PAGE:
Picture of a smalltooth sawfish, Pristis pectinata, endangered
Picture of a smalltooth sawfish or wide sawfish, Pristis pectinata, endangered, Everglades National Park, Florida Gulf of Mexico
Not only are these different species, they are fished from different parts of the ocean. Goliath Grouper tend to congregate in the big holes in the limestone shelf or near bridge pilings. Tuna are deep water fish. Permit are trophy fish for flats fisherman. Small snapper are often caught close to shore, though you have to go out deep for the really big ones. (Oddly, none of these pictures show swordfish (Papa Hemingway's favorite)or Tarpon, which are favorites of trophy fishermen.) So, no, this isn't apples to apples, but all these fish are in need protective limits or a ban on commercial fishing as has been done for the Goliath Grouper and snook.
people for the most part do not keep really big fish anymore... While lots of fish are documented as getting smaller (most notably bluefin tuna) these pictures do not really show anything worth noting except for peoples change in conservation attitudes. 60 years ago it was not uncommon for people to kill everything they catch, now with increased regulations and changing attitudes among sportsmen it would be less likely for people to kill really big fish.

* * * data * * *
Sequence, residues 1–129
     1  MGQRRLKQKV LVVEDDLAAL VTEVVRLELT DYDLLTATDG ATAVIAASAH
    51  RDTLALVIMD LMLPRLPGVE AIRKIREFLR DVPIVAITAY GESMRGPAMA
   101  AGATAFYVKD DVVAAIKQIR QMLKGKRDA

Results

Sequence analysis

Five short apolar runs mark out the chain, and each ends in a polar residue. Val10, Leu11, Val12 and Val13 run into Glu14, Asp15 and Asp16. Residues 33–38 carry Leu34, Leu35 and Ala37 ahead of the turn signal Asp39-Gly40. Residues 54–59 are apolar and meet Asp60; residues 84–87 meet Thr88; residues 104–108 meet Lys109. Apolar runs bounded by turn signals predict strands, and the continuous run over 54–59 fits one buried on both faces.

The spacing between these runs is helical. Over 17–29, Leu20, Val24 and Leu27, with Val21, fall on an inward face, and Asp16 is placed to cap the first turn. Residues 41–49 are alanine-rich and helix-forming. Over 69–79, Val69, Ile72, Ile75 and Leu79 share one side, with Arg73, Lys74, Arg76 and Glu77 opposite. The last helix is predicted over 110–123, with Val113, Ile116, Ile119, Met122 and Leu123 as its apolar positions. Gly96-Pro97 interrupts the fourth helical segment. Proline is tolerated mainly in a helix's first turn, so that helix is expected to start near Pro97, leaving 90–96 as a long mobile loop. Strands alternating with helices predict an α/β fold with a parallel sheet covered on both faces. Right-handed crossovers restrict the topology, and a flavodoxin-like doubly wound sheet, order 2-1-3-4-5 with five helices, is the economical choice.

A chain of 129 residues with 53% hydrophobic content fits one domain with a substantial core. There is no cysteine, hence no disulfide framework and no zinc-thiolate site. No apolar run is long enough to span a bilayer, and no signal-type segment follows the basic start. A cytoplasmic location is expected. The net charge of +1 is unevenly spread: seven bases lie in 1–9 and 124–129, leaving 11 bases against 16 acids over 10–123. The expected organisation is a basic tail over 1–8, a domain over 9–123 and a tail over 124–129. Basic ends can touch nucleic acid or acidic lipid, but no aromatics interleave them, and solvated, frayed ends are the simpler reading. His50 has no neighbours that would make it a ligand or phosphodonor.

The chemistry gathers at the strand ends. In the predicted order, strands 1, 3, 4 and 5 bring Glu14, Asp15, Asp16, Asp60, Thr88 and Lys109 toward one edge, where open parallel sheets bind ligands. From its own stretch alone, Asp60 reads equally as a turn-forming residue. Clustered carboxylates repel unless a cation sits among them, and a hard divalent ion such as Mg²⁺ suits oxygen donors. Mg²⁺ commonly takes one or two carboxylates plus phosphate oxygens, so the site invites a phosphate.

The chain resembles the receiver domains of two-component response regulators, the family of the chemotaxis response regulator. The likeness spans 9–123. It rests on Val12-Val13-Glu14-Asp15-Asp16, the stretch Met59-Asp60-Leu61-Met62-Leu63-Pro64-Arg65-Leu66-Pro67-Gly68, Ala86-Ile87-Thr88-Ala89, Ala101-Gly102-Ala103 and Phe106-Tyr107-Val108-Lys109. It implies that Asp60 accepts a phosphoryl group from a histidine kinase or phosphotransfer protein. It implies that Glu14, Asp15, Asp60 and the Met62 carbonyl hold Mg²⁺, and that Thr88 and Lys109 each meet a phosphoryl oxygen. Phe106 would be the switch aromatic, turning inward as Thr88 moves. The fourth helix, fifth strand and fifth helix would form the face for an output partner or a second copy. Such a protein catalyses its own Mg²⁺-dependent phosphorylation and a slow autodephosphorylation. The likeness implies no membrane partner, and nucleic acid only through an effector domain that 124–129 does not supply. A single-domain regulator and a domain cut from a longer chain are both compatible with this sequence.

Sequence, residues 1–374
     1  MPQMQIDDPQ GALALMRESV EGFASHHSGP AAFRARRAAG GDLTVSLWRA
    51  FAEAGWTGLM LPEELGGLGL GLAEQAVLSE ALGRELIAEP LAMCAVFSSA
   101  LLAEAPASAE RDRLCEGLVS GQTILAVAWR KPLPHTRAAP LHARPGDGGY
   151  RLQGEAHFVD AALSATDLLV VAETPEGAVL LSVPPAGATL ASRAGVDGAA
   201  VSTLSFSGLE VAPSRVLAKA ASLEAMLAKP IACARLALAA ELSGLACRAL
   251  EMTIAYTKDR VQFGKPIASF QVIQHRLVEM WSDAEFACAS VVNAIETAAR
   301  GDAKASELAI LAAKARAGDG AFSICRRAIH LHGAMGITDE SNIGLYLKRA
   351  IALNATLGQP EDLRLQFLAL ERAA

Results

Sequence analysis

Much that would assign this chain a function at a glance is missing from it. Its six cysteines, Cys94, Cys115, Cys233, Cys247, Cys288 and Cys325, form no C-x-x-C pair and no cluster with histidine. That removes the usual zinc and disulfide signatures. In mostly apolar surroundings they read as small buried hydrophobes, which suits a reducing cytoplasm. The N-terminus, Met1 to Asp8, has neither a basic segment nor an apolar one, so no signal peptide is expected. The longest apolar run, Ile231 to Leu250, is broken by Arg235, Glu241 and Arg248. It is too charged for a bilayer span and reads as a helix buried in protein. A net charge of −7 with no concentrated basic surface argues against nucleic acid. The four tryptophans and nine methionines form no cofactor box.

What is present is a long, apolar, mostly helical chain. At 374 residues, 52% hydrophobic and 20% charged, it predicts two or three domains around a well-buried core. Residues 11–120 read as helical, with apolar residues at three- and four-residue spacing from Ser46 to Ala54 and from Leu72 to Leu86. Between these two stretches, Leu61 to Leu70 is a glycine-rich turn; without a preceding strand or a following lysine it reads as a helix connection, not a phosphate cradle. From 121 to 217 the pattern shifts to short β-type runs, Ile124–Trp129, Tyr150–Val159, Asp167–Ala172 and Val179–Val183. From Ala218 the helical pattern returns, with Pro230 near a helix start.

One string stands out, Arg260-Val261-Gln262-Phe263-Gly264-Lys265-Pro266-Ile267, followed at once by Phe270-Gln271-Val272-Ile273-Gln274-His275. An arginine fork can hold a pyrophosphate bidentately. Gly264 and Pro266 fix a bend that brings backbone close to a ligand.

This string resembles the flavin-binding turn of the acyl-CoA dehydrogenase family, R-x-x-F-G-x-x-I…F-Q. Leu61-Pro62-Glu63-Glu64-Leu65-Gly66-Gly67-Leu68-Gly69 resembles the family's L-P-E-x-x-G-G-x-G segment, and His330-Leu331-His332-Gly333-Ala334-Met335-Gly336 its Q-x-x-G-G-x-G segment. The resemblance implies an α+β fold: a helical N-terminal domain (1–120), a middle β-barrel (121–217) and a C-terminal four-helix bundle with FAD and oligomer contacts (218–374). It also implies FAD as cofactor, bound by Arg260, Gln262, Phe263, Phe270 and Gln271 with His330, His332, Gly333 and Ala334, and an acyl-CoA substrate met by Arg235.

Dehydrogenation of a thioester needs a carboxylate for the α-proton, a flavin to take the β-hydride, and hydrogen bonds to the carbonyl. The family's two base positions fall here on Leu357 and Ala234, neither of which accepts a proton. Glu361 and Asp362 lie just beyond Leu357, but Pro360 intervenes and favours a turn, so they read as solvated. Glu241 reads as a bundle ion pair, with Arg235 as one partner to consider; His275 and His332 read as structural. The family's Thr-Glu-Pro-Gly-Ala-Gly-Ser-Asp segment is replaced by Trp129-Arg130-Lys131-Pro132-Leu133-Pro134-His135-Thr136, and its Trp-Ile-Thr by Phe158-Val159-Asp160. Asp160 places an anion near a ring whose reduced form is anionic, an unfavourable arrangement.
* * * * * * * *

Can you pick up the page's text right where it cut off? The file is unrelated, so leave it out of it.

pictures of small fish | Should you keep it
Picture of a whale shark with small fish.
How much smaller? Adjusting for time of year, and after checking and measuring 1,275 different trophy fish, she found that in the 1950s, the biggest fish in the photos were typically over 6 feet — sometimes 6 feet 5 inches long. By the time we get to 2007, when Loren bought a ticket on a deep sea day cruise and snapped this picture ...Several people have pointed out that different species of fish seen in the pictures seems to negate them as evidence of overfishing or change. In fact, the species composition is part of the story. The idea of shifting baselines and fishing down the food web go hand-in-hand. Healthy marine communities are "top heavy", that is in pristine systems the bulk of the biomass is in large, apex predators. As systems are exploited these top-tier species decline in abundance and smaller species from lower positions in the foodweb become dominant. As a result, once one desirable species has been exploited, another species is targeted to fill the void. While the protection status of Goliath groupers may makes this less clear (keep in mind the frequency of people actually hooking Goliath in the lower Keys is still much lower than in the 50's and 60's), the shift from big Jacks and Permit in the 4th picture to mostly Yellowtail snapper in the most recent picture speaks clearly to the problem.